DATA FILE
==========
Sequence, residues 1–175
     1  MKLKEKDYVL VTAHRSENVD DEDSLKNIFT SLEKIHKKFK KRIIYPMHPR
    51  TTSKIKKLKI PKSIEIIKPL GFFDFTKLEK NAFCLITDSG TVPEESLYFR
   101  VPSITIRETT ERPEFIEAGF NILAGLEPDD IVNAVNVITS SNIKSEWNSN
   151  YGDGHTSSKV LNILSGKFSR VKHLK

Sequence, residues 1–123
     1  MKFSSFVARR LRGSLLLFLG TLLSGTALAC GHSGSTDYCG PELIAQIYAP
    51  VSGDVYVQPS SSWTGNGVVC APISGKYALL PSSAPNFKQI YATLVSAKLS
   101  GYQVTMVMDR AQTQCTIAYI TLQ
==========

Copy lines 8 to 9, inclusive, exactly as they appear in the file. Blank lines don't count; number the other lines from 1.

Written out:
    51  VSGDVYVQPS SSWTGNGVVC APISGKYALL PSSAPNFKQI YATLVSAKLS
   101  GYQVTMVMDR AQTQCTIAYI TLQ